We count on our friends for support. And we sometimes ask them for recommendations since we trust them. So, when it comes to helping an aging parent, many of us turn to our friends. And, they can be a wonderful support system. 

However, our experience shows that friends aren’t the best place to turn for resources and advice when it comes to an aging parent. We will share why and how to go about getting the information you need.

Advice for Dealing with Your Aging Parent: The Best Intentions May Not Yield the Best Results

Your widowed elderly father is struggling at home. It seems he is having memory issues and he’s had a few accidents. You chat with one of your friends who you know has cared for her aging parent. She tells you step-by-step what they did and how pleased they were with the care facility where Mom moved. When you express uncertainty about what’s going on with Dad and whether he’d do well in a facility, she tells you all the reasons why it’s the best choice. Therefore, you begin to feel uncomfortable if you bring up other options or don’t want to make the same choices.

While your friend probably has the best intentions, she only knows her situation. Your Dad (and your family) may not be happy doing what she did. And, your Dad’s needs, financial situation, and other factors may mean that facility isn’t feasible for him. Additionally, because these topics are so deeply personal, either of you may start to feel judged by the other even if that was not meant.

The Professional Difference

Each elder client and family we work with brings their own circumstances and history. When our care managers assess a client, it helps us determine personalized recommendations. There is not one right answer. Often, simple, creative ideas can help as much as a major change. And, the solution you need today may evolve as things change with your aging parent.

Also, importantly, we’re able to help you ask questions and put things into place to make any solutions work better. For example, with even the best home care or facility, the outcomes of care are largely dependent on the information provided to caregivers, the care planning and management process. You’d be surprised how the little tips and tricks we have learned along the way can make a major difference in your experience.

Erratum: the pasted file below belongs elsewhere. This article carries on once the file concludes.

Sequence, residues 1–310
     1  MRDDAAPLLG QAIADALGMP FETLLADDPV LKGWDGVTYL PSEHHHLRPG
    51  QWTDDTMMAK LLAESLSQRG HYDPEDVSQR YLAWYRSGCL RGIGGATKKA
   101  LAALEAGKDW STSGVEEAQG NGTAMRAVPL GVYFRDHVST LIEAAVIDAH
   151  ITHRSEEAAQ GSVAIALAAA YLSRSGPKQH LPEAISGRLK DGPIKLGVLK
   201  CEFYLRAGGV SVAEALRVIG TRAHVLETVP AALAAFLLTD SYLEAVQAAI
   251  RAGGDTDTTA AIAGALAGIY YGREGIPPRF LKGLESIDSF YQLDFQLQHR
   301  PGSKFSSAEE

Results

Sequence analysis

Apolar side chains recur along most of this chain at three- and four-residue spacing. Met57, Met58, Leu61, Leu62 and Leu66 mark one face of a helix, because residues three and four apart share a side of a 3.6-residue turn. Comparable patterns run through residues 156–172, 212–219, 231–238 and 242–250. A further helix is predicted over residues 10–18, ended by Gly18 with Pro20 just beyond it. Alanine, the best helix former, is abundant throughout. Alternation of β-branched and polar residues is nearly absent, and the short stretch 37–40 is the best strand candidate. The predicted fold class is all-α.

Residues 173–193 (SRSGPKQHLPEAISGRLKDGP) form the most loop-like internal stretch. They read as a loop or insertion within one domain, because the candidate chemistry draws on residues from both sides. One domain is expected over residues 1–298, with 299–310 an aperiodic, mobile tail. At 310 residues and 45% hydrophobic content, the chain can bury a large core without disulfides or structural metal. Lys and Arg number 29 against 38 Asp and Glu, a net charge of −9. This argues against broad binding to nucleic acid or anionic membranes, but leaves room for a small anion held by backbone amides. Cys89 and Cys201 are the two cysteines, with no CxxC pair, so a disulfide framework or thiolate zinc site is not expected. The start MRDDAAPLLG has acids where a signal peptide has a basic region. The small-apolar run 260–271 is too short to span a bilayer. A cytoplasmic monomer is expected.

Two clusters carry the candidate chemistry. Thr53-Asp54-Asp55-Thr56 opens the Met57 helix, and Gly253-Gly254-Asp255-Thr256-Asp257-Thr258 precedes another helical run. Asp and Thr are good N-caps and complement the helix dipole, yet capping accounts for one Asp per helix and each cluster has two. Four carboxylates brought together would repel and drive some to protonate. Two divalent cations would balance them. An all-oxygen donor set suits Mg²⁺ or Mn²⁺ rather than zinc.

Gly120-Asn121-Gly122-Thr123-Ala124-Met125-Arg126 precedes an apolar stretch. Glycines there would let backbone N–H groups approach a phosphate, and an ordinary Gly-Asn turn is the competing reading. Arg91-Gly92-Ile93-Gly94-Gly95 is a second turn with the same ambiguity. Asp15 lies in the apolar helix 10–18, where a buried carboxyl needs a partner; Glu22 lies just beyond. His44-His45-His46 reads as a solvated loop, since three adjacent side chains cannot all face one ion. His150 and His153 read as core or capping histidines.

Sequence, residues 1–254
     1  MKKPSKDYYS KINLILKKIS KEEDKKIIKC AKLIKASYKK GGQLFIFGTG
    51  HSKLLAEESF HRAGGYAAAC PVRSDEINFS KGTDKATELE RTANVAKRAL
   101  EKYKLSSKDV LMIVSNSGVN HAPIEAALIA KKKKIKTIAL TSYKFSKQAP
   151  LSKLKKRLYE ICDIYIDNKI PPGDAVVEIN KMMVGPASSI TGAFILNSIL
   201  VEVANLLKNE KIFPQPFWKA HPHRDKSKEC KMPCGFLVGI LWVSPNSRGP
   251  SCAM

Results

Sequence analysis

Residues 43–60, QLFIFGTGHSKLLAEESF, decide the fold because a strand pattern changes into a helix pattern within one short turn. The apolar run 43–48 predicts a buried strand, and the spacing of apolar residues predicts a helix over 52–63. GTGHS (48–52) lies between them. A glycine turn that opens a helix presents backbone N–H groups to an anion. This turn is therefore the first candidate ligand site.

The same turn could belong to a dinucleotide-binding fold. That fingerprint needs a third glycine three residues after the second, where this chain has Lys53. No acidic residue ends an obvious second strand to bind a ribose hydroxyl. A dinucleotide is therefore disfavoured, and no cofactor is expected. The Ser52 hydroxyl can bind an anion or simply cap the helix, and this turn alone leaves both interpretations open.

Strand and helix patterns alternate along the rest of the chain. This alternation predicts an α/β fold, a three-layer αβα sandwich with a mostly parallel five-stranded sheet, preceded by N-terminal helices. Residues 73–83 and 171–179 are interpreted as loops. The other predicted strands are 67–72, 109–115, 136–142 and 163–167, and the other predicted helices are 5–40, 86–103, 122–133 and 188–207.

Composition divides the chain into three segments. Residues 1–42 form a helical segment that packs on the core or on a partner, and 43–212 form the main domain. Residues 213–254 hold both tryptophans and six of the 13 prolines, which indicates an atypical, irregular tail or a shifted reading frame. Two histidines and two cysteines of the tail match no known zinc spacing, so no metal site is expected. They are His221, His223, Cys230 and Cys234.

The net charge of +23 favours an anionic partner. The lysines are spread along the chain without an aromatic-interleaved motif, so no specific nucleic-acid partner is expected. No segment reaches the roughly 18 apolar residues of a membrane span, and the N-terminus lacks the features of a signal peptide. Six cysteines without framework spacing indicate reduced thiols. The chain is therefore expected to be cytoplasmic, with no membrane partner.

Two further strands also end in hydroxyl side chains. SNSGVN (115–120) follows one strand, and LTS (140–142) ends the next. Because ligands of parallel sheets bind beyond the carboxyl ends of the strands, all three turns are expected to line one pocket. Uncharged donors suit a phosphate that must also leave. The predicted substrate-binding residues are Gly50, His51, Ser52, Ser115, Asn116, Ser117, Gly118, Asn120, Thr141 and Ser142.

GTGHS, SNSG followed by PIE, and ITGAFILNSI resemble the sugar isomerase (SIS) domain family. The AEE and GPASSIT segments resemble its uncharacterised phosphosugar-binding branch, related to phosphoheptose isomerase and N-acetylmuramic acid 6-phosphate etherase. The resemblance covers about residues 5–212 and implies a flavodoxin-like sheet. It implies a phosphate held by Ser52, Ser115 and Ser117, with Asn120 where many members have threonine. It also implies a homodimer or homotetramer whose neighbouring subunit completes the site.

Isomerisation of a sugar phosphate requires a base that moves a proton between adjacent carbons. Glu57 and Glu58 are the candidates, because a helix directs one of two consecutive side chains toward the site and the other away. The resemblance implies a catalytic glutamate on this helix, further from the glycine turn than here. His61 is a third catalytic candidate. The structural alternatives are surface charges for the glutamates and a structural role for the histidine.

So, in your case, we start by gathering information and listening. Your care manager would first want to figure out what is going on with Dad and what his needs and wishes are. We bring that together with our expertise with a broad range of situations as well as resources and how all the services and programs work. Think about one, two or even a handful of friends with specific experience compared to a care manager who has worked with hundreds of families. Not only is the experience exponentially broader, but the care manager offers a deep level of expertise.

There’s a Lot of Bad Advice Out There

Along with not always getting the answers that work best for you, sometimes people will inadvertently give you just plain bad advice. Be wary of getting legal and financial advice or information about programs and eligibility from friends or the internet. Time and time again, we hear people acting on advice about things like Medicaid or Medicare that they picked up from a friend. Sometimes it turns out the person giving the advice was in another state (or even just another county) where things worked differently. Following incorrect advice can cost you and your aging parent.

People call us with questions and they often have names of programs mixed up or ideas that might lead them to waste a lot of time and effort. Sometimes they make decisions that may later lead to program ineligibility or penalties for the aging parent. This is where the internet and even friends with some experience often fail. Even some well-meaning professionals may not always know the big picture when it comes to all the things that can come into play for your aging parent.

The Best Way to Help Your Aging Parent

These very situations created the need for a better solution. And, thus, the field of care management was born a number of years ago. Care managers have become an invaluable resource for families. Yet, since many of us haven’t dealt with eldercare before we might not have even known the resource existed. You can read more about care management here.

EasyLiving continues to innovate, to make services more accessible and tailored to what people need. Therefore, we launched our Care Coaching program. This unique membership program provides you the peace of mind of having a care management professional coach available throughout your journey.

care coaching for better mother daughter relationship with elderly mother